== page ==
That’s An Awfully Large…

Treefrog! Did you know the invasive Cuban treefrog can grow to be 5.5 inches? That is quite big considering the largest of our native treefrogs only grows to be 2.5 inches. It’s also a good way to help identify this invasive species.

Many of you have probably heard this at night either right around your home or in nearby woods. That is the sound of a Cuban treefrog, a sound often undesirable for those trying to fall asleep at night. The good news is you can save yourself a headache and save our native frogs by doing your part to help reduce the population of the Cuban treefrogs around your home.

But first, you need to know a little more about these jumpers…

Cuban treefrogs came from, you guessed it, Cuba. And their populations have spread throughout much of Florida. Their diet is similar to that of other frogs, eating beetles, roaches, spiders, and other insects, but they will also eat other frogs, lizards and even snakes! I have witnessed a Cuban treefrog eat a native treefrog twice now and it has only motivated me to help in the control of this invasive species even more. Why? The Cuban treefrogs are competing with our native treefrogs for food and space.

How To Identify A Cuban Treefrog:

  1. If size is not a distinguishing characteristic, take a look at the frog’s toepads. All treefrogs have toepads to help them climb, but Cuban treefrogs have very large toe pads when compared to native treefrogs.

    treefrog toepads MEM
    Note the larger toepads of the invasive Cuban treefrog. Line drawing by Monica E. McGarrity (UF)


  1. They also tend to have large bulging eyes

    Note the bulging eyes and large toepads of the Cuban treefrog. Photos by Dr. Steve A. Johnson (UF), Ryan C. Means (Coastal Plains Institute), Esther Langan (Smithsonian’s National Zoo), and Diana Evans


  1. When young, Cuban treefrogs have reddish eyes, are olive-brown in color, have light stripes along their side, and they have blue bone that can best be seen through the skin on the underside of hind legs.CTF metamorphs_lores CTF_blueleg_SAJ

    Photos by Dr. Steve A. Johnson (UF), Ryan C. Means (Coastal Plains Institute), Esther Langan (Smithsonian’s National Zoo), and Diana Evans


  1. Unfortunately color is not a reliable feature when it comes to identifying Cuban treefrogs. They can vary in color quite a bit, but they are most often a creamy white to light brown with bumpy skin.CTF_green_Langan CTF_Means CTF_night_SAJ CTF_striped_SAJ

    Note the various colors of the different Cuban treefrogs. Photos by Dr. Steve A. Johnson (UF), Ryan C. Means (Coastal Plains Institute), Esther Langan (Smithsonian’s National Zoo), and Diana Evans

Cuban treefrogs can thrive in urban areas and are commonly found on and around homes and buildings, and in gardens and landscape plants.

How You Can Help:

You can help manage Cuban treefrogs around your home by capturing and humanely euthanizing (killing) them.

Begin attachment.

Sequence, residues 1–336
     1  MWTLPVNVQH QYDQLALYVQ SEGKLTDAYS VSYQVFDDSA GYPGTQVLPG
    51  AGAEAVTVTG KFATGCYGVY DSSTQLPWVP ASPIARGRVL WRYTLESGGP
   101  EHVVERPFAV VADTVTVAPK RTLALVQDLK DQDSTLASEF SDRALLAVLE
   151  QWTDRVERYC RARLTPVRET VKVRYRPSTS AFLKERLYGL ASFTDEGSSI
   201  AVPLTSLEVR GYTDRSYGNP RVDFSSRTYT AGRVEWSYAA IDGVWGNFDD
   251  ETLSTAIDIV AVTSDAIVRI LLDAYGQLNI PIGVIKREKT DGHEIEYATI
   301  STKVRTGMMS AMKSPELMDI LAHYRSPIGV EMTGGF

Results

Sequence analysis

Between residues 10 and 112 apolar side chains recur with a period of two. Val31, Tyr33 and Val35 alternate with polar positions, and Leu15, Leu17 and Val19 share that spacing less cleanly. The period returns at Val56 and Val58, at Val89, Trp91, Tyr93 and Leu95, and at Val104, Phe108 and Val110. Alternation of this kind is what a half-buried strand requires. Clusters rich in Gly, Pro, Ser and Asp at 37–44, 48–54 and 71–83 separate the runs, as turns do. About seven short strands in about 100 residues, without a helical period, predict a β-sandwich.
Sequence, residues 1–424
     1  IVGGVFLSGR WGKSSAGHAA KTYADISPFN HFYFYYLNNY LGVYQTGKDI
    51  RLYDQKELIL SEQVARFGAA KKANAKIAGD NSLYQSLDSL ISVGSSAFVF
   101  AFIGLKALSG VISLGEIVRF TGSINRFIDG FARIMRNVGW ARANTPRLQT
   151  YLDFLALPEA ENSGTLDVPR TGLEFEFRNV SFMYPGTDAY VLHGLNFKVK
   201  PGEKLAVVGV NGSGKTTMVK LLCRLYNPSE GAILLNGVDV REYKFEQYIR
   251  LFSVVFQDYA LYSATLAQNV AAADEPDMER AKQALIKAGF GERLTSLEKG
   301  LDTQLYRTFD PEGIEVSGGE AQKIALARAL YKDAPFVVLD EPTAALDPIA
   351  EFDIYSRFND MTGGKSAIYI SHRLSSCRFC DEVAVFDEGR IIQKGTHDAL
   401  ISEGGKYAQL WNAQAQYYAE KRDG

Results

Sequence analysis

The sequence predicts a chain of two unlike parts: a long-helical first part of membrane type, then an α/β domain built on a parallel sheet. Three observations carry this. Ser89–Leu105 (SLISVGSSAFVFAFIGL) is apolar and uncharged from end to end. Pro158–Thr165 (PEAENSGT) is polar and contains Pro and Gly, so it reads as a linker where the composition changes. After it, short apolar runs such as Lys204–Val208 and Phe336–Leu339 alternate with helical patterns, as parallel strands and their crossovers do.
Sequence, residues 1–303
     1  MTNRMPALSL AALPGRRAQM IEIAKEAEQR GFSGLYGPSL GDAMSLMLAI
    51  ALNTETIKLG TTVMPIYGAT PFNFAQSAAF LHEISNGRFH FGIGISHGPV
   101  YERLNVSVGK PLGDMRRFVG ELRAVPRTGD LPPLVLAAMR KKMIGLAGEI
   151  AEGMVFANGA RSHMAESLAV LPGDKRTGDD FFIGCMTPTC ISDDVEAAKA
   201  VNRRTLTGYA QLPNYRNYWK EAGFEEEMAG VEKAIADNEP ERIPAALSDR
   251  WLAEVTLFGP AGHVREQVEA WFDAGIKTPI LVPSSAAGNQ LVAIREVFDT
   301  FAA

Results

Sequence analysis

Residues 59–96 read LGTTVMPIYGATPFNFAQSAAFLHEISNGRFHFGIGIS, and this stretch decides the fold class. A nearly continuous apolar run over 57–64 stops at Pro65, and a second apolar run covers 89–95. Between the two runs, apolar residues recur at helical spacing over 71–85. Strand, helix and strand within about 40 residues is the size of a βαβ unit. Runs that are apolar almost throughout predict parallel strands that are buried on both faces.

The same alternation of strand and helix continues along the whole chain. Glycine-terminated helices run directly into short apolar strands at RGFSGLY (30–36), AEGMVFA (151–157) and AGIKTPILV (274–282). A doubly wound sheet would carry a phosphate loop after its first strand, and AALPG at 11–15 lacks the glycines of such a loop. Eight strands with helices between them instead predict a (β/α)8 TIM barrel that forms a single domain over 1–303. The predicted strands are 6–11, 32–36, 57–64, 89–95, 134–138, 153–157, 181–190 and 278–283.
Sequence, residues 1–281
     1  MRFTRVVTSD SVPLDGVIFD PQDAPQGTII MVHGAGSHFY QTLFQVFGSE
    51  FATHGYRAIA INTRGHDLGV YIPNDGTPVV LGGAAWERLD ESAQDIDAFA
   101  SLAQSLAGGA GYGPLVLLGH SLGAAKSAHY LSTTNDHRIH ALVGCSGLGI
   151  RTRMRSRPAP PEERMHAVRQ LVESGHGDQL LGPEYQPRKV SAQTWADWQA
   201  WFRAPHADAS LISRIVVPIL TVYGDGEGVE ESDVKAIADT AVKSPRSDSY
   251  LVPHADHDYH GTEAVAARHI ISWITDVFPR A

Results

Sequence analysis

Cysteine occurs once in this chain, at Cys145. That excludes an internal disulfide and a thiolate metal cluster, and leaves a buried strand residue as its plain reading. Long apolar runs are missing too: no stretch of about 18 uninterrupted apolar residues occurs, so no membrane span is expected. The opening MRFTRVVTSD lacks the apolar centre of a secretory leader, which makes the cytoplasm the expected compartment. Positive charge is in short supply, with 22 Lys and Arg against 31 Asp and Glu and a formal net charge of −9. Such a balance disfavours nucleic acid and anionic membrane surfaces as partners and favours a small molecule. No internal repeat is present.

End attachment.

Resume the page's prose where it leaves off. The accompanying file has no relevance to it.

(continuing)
1. After properly identifying the frog as a Cuban treefrog, you can capture it using gloves or a plastic bag to protect yourself from the irritating mucus on its skin.
    Large Cuban treefrog found at Brooker Creek Preserve in Tarpon Springs, FL. Photos by Lara Milligan.



  1. Another way to catch the frogs is to place 1.5” PVC pipes in the ground around your home which can attract treefrogs. The frogs use the pipe as a source of shelter. Check the pipes regularly for effective management. Once you have a Cuban treefrog in the pipe, place a plastic sandwich bag over the top, pull the pipe out of the ground and use a broom handle or other “plunger” device in the other end to scare the frog into the sandwich bag. This is best done with two people. The sandwich bag should be held tightly around the pipe because as soon as the frog hits the bag it will most likely start jumping and try to get away. They are slippery too!

    PVC pipes placed around a home to provide shelter for treefrogs and to help capture the invasive Cuban treefrog. Photo by Dr. Steve A. Johnson (UF)


  1. Once in the bag or captured by hand and placed in a bag, apply benzocaine ointment or spray on the frogs back and place in sealed bag for 15-20 minutes. Frogs breathe through their skin, so the benzocaine will be absorbed into their system and put them to sleep. Benzocaine is commonly used to treat sunburn, toothaches and sore throats and can be found at most convenience stores.

Note: If you are unable to apply benzocaine you can skip #3 and move on to #4.

  1. Place the sealed bag in the freezer overnight and dispose of the frog in bag the next day.
  2. Always wash your hands well after handling the frog.
  3. Help me reach more people with this information by sharing what you have learned with your neighbors, friends, and colleagues.

Thanks for doing your part to help keep Pinellas County free of invasive species! You can learn more about the Cuban treefrog at the links below.



Posted: April 27, 2015

Category: Wildlife, Work & Life
Tags: Bulging Eyes, Cuban Treefrog, Freezer, Frog, Invasive, Invasive Species, Large Treefrog, Loud Croaking Noise At Night, Pinellas County, PVC Pipe, Red Eyes, Toepads, Whitish Frog

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